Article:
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Two people stand next to a person walking on a treadmill
Emeritus Professor Perry Bartlett and Dr Daniel Blackmore have shown exercise boosts cognition healthy older adults and the improvement was retained for up to 5 years. 
10 July 2024

A longitudinal study by University of Queensland researchers has found high-intensity interval exercise improves brain function in older adults for up to 5 years.  

and from ֱ’s led the study in which volunteers did physical exercise and had brain scans.

Emeritus Professor Bartlett said it is the first controlled study of its kind to show exercise can boost cognition in healthy older adults not just delay cognitive decline.

“Six months of high-intensity interval training is enough to flick the switch,” Emeritus Professor Bartlett said.

“In , we discovered exercise can activate stem cells and increase the production of neurons in the hippocampus, improving cognition.

“In this study, a large cohort of healthy 65 – 85-year-old volunteers joined a six-month exercise program, did biomarker and cognition testing and had high-resolution brain scans.

“We followed up with them 5 years after the program and incredibly they still had improved cognition, even if they hadn’t kept up with the exercises.”

Ageing is one of the biggest risks for dementia, a condition that affects almost half a million Australians.

“If we can change the trajectory of ageing and keep people cognitively healthier for longer with a simple intervention like exercise, we can potentially save our community from the enormous personal, economic and social costs associated with dementia,” Emeritus Professor Bartlett said. 

Emeritus Professor Bartlett and Dr Blackmore worked in collaboration with and at ֱ.

During the study, the researchers assessed the impact of three exercise intensities:

  • Low – predominantly motor function, balance and stretching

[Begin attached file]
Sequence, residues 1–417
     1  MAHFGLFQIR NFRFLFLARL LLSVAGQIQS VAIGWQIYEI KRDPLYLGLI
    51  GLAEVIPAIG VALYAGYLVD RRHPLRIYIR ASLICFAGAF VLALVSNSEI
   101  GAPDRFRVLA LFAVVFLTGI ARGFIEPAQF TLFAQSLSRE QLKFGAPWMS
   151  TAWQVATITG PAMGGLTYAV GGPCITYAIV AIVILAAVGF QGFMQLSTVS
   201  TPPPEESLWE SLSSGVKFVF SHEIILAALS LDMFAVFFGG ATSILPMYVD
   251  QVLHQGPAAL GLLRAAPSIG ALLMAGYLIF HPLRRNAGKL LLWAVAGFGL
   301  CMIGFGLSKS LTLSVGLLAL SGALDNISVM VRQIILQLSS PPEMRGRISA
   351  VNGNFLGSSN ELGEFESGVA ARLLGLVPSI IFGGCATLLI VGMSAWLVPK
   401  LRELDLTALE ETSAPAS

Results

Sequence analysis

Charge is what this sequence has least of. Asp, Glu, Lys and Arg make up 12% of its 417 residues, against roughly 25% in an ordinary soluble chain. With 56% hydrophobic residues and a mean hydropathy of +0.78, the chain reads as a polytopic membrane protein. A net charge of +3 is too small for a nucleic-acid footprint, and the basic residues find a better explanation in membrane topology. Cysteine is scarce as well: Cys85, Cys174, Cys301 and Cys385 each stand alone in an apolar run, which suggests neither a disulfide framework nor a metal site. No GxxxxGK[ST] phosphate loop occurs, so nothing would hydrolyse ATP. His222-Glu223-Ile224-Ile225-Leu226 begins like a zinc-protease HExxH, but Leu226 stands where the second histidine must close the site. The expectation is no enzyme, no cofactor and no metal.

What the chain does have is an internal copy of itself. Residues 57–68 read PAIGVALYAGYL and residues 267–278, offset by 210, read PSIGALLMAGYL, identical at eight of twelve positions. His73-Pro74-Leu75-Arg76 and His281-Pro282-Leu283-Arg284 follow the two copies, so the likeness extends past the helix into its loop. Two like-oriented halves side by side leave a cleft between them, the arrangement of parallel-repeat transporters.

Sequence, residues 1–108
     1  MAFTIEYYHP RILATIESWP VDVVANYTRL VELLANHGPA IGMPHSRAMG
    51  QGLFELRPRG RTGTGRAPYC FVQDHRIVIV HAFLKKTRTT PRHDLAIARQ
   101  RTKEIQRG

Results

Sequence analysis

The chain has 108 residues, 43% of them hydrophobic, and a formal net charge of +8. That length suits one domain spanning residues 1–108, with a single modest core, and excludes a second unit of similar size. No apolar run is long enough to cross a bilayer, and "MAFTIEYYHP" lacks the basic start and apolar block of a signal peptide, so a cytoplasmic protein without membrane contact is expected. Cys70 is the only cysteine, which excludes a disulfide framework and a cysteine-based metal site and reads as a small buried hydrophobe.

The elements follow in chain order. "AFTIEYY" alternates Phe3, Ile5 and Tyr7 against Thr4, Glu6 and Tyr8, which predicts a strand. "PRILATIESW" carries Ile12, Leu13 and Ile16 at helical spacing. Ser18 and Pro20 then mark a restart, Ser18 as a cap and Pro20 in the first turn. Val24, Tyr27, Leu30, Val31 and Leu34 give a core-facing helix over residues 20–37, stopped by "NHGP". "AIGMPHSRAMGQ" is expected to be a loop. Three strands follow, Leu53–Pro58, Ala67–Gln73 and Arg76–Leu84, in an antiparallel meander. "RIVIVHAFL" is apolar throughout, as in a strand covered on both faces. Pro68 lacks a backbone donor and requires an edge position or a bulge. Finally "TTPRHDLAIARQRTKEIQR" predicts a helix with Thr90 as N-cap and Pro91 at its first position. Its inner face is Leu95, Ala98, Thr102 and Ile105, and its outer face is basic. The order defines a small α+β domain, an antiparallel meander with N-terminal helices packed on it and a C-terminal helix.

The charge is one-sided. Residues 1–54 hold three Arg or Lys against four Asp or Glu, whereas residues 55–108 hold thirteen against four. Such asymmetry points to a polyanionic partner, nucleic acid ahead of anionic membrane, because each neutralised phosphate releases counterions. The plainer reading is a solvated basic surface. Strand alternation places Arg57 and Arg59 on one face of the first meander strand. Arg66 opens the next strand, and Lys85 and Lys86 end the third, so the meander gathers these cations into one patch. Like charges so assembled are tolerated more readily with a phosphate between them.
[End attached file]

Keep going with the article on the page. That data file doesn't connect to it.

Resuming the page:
• Medium – brisk walking on a treadmill
  • High – four cycles running on a treadmill at near maximum exertion

Dr Blackmore said only the high-intensity interval exercise led to cognitive improvement that was retained for up to 5 years.

"On high-resolution MRI scans of that group, we saw structural and connectivity changes in the hippocampus, the area responsible for learning and memory,” Dr Blackmore said.

“We also found blood biomarkers that changed in correlation to improvements in cognition.

“Biomarkers can be useful in predicting the effectiveness of the exercise a person is doing.”

With 1 in 3 people aged 85 years likely to develop dementia, Dr Blackmore said the impact of the research was far-reaching.  

“Our finding can inform exercise guidelines for older people and further research could assess different types of exercise that could be incorporated into aged care,” he said.

"We are now looking at the genetic factors that may regulate a person’s response to exercise to see if we can establish who will and who will not respond to this intervention.

“The use of biomarkers as a diagnostic tool for exercise also needs further research.”

The was published in Aging and Disease.

It receives ongoing support from the Stafford Fox Medical Research Foundation.

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